Subject: Re: [Boost-bugs] [Boost C++ Libraries] #11016: Boost file logging misbehaves when file system is full
From: Boost C++ Libraries (noreply_at_[hidden])
Date: 2015-02-12 22:45:39
#11016: Boost file logging misbehaves when file system is full
Reporter: michi@â¦ | Owner: andysem
Type: Bugs | Status: new
Milestone: To Be Determined | Component: log
Version: Boost 1.55.0 | Severity: Problem
Resolution: | Keywords:
Comment (by Michi Henning <michi.henning@â¦>):
Replying to [comment:6 andysem]:
> > If any attempt to write a file returns ENOSPC, all write activity
should be abandoned. In addition, I would unlink whichever file incurs
> Not if the file is not empty. You wouldn't like losing written logs,
Wellâ¦ It's questionable whether the log file is valuable in this case.
It's a bit like running out of memory: the system is in a state where
correct functioning of some components is impossible. Seeing that this
case will, in practice, be rare, unlinking the file would be quite
acceptable, I believe. Running out of space really is an extreme case, and
it justifies extreme recovery action, IMO.
> > I don't think throwing an exception would help, in the sense that no
code that uses boost::log expects to get an exception from one of the API
calls. Throwing from a logging library just doesn't make sense. What am I
supposed to do? Catch the exception and log an error about it having
> I could suggest multiple sensible reactions to such failure, like
displaying a notification in GUI or cleaning up archived logs or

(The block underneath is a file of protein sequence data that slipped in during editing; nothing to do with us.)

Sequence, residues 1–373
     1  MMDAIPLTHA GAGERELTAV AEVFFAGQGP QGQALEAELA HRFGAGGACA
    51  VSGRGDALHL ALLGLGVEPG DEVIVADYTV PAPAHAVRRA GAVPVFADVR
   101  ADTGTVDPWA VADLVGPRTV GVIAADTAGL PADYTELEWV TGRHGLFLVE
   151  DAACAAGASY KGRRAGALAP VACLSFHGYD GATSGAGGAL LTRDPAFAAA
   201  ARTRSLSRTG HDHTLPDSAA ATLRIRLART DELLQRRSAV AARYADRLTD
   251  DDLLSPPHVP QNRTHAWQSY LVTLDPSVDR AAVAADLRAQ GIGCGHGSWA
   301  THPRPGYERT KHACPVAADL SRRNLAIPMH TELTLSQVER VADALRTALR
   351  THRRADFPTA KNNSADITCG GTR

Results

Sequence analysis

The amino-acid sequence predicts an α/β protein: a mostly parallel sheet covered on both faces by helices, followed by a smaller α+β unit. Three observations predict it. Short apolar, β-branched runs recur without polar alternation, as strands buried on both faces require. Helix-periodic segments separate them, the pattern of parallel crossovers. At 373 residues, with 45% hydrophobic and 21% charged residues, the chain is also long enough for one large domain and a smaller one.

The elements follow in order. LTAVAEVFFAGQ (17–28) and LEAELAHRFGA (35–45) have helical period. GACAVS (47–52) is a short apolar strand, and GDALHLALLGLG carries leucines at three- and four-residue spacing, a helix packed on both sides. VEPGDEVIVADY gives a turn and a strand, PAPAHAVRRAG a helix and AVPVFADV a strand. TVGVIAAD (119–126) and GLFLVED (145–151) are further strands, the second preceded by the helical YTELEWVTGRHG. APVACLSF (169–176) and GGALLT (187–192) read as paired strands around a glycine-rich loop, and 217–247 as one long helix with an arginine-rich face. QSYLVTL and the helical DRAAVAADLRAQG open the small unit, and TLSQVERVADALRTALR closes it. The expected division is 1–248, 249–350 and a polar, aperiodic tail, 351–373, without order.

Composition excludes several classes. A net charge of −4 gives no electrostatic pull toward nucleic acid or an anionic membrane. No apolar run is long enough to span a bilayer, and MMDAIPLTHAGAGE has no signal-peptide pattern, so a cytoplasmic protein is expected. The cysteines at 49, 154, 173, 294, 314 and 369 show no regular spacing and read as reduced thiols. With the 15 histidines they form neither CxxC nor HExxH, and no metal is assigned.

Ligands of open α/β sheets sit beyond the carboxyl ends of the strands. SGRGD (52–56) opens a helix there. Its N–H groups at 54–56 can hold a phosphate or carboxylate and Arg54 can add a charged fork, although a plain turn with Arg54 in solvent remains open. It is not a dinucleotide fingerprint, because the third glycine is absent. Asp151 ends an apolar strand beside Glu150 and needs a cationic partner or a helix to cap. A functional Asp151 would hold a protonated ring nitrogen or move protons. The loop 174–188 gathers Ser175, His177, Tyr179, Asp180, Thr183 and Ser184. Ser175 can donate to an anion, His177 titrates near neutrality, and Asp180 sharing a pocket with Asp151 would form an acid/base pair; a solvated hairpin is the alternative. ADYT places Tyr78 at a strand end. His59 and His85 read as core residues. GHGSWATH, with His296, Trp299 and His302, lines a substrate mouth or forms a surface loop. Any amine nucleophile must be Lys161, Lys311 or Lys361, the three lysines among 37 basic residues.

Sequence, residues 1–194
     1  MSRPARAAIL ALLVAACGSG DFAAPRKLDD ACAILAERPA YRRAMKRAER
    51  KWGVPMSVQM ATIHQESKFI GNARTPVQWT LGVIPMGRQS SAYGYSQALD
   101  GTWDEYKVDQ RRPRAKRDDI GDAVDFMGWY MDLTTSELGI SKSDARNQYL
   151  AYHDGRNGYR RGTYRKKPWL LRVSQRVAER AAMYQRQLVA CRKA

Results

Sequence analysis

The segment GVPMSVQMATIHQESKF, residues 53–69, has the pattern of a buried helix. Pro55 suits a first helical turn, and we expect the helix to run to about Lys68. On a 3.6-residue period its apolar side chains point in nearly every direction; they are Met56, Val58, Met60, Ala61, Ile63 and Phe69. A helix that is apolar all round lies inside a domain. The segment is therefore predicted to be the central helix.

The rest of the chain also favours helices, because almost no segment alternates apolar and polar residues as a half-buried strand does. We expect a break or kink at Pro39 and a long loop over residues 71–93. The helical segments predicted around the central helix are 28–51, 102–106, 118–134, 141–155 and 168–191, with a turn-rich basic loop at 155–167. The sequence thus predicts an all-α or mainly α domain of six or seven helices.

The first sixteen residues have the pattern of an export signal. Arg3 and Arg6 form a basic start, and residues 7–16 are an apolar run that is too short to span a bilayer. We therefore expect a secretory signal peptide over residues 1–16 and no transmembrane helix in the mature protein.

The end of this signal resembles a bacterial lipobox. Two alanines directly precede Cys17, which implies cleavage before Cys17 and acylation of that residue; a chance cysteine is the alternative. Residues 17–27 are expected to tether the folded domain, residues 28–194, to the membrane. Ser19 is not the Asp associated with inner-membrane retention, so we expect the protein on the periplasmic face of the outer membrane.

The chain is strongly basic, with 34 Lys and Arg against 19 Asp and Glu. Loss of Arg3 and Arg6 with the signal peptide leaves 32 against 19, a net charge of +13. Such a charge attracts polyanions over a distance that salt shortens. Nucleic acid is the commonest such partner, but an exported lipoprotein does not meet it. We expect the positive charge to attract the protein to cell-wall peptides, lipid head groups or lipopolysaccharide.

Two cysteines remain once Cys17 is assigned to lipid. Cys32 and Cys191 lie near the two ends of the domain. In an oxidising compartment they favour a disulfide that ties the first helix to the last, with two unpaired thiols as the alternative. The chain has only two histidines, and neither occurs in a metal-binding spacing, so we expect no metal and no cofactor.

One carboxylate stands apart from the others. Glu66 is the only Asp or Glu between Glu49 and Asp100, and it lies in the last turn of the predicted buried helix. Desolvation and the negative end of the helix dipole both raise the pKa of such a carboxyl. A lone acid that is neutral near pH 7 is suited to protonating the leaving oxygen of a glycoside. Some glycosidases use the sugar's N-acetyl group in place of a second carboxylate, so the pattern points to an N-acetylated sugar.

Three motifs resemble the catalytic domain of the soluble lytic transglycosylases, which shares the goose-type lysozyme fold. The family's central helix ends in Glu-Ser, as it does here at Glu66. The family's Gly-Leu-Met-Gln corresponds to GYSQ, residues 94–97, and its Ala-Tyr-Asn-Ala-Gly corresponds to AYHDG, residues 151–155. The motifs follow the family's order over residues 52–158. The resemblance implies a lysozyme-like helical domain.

terminating the app. The point is that the library has to indicate the
problem, and it is the application's prerogative to decide how to react.
You can suppress all exceptions from the library, if you like.
I don't think a global suppression would help, at least not in all cases.
I'm logging from a library. I don't know what the code that links with my
library does. So, I've been very careful not to mess with the global boost
log state and use separate loggers and sinks that don't interfere with the
application, even if it happens to use boost log. I can't just change a
process-wide setting from within a library. That's just as forbidden as
changing umask or working directory would be.
In my opinion, throwing from log methods (at least the ones that create
log messages) is a big no-no. If a log message can't be written, there is
typically nothing that the code that does the logging can do. All it would
achieve is that I would have to clutter the calling code with masses of
catch handlers. Throwing from the log rotate call might be OK, if it's
well documented that the method can throw. That's because any
setup/initialization calls for logging are typically in a section of code
that might have at least a chance of meaningfully reporting an error. But,
seeing that the log rotation happens transparently while I'm logging, I
don't think that would help much.
Throwing from the BOOST_LOG macros is definitely out, as far as I can see.
All that would achieve is send most programs to terminate(), quick smart.
> Note that the library is not timer-driven but rather event-driven (where
events are represented with log records as they are emitted by the app).
For this reason time-based solutions have limited sense.
Timers wouldn't be needed. Just remember the current time if a failure
occurs. Then, when trying to write, if in the error state, check the
current time and, if within the ban period, skip the write. Once a write
works, re-enter the no-error state, to avoid the overhead of checking the
-- Ticket URL: <https://svn.boost.org/trac/boost/ticket/11016#comment:7> Boost C++ Libraries <http://www.boost.org/> Boost provides free peer-reviewed portable C++ source libraries.
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